The Creepy Alternate Reality of Buster Posey and the Rays

Oh, man. Rockies. My brain just shut off. All I can think of for a series preview is something aping this scene from Casablanca:

What Rockies series?

Ten Rockies series.

Such much Rockies?

Such much Rockies. Such much.

Instead, I have Posey on the mind. Buster Posey, who is good at baseballing. I wrote an article about the stupid stories we'd be reading if the season started after the All-Star Break -- Lincecum needs to be extended! Cain is struggling! -- and the most common complaint about the story was that I ignored Posey's second half. A reminder of what that second half looks like:

Split G AB 2B HR RBI BB SO BA OBP SLG OPS
2nd Half 24 92 7 8 30 13 15 .446 .509 .783 1.292


That'll do, Buster. That'll do.

He turned his season from "Yeah, he's a deserving All-Star, and he's going to start, not because he's the catcher America deserves, but because he's the catcher America needs" into "Holy sweet crap, Buster" with the way he's started the second-half. Andrew McCutchen would have to really, really slow down to not win the MVP at this point, but without him, Posey would be on one of the favorites for the award.

An aside: Posey against left-handed pitchers this season is hitting .410/.453/.771. As you were.

So Posey is the best, we can all agree; a river of light, flows from he. But I started thinking dark thoughts after reading this 2008 mock draft this morning:

1. Tampa Bay Rays: Buster Posey, C, Florida State
It appears the Rays have narrowed it to five names for the top pick (there's no David Price this year): Posey, the FSU backstop who's had a tremendous year with the bat to move himself into consideration; Georgia high school shortstop Tim Beckham, who's got tools galore and can stay at short; Pedro Alvarez, the Vanderbilt third baseman who's among the most polished hitters in the Draft; Brian Matusz, the lefty ace for the University of San Diego; and Southern California high school catcher Kyle Skipworth.

The Rays weren't deep at catcher at the time, and Posey was a home-state hero. It seemed natural. Like the Mariners and Tim Lincecum before him, Posey seemed like the perfect fit for that organization.

What would the Giants be like right now if the Rays drafted Posey?

That isn't just for yuks. It's an honest question. I don't know the Giants' draft board after Posey, but I assume Tim Beckham would have been gone before the Giants had a chance at dem tools. I'll also guess the Pirates were locked on Alvarez. I'd wager the Giants would have gone with Justin Smoak, Kyle Skipworth, or Brian Matusz.

Smoak has been awful, and there's a negligible chance that the Giants were the right organization to prevent that. Skipworth has been even worse -- he's now 22, with a career .218/.282/.373 line. Matusz looked exceptionally promising at one point, and now he looks broken. There's a chance the Giants could have fixed him, or at least prevented the break. Maybe we'd be in the middle of a Caincecumgarnertusz revolution.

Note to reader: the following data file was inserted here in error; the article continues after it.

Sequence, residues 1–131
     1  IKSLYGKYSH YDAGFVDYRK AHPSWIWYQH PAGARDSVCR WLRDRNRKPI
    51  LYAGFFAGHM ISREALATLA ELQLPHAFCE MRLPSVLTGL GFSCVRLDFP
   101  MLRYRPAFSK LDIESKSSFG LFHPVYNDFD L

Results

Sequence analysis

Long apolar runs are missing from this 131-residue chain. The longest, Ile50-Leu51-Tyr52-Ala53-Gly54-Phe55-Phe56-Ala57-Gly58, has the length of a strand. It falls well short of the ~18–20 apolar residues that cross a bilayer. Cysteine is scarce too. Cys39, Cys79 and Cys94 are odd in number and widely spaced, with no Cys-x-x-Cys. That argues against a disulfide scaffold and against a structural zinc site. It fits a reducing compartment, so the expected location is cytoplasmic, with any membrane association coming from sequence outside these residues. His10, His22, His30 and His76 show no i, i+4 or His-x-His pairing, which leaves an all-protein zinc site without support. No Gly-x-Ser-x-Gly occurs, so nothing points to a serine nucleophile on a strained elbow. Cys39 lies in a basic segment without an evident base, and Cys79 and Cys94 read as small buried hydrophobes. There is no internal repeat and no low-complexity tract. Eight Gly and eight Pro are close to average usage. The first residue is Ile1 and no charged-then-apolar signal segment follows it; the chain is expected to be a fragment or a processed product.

Who would be playing catcher now? Bengie Molina isn't a bad guess, really. Maybe the Giants would have started the Hector Sanchez Era even earlier … but they really love their sure things at catcher, their proven pitcher-whisperers. There'd be a guy like John Buck on the team. We would have had debates and opinions about John Buck. Huh.

Without Posey already in the middle of the order, the Giants would have felt compelled to get a middle-of-the-order hitter before 2011. Jayson Werth? Adrian Beltre? I'll get a little goofy and suggest they would have made a run at Victor Martinez. Either him or Brad Hawpe. If you think there was an urgency to get a hitter over the last two offseasons, imagine if there were no Posey.

The World Series is obviously fiction in this alternate reality. The success this season would be a diluted kind, as the Giants would be in second or third place. The future wouldn't look nearly as bright. Ashes. Crop failures. Pestilence. Your favorite television shows, all canceled.

You know all of this, how the butterfly effect of the draft writes baseball history without you realizing it at the time. But I just wanted to explore the idea of a Buster-less universe for a while. Because you know that Andrew Friedman and the smartypantses over in Tampa liked Posey. There was almost certainly deliberation and debate with whom the Rays should take. There was surely someone in that front office who preferred Posey, even if only slightly. What if he or she were just a little more persuasive?

Well, I get paid by the rhetorical question, so my work here is almost done. And you can do this with just about every good player on the Giants -- what if Cain, what if Bumgarner, what if Pablo, etc ... -- but there's something about the Rays passing on Posey that especially weirds me out. Because while Posey isn't responsible for everything that's right with the Giants, he's responsible for a whole hell of a lot.

And the Giants somehow got a chance to draft him in the first place. It still amazes me. I might bring this up once a year. Well played, fates. Well played.

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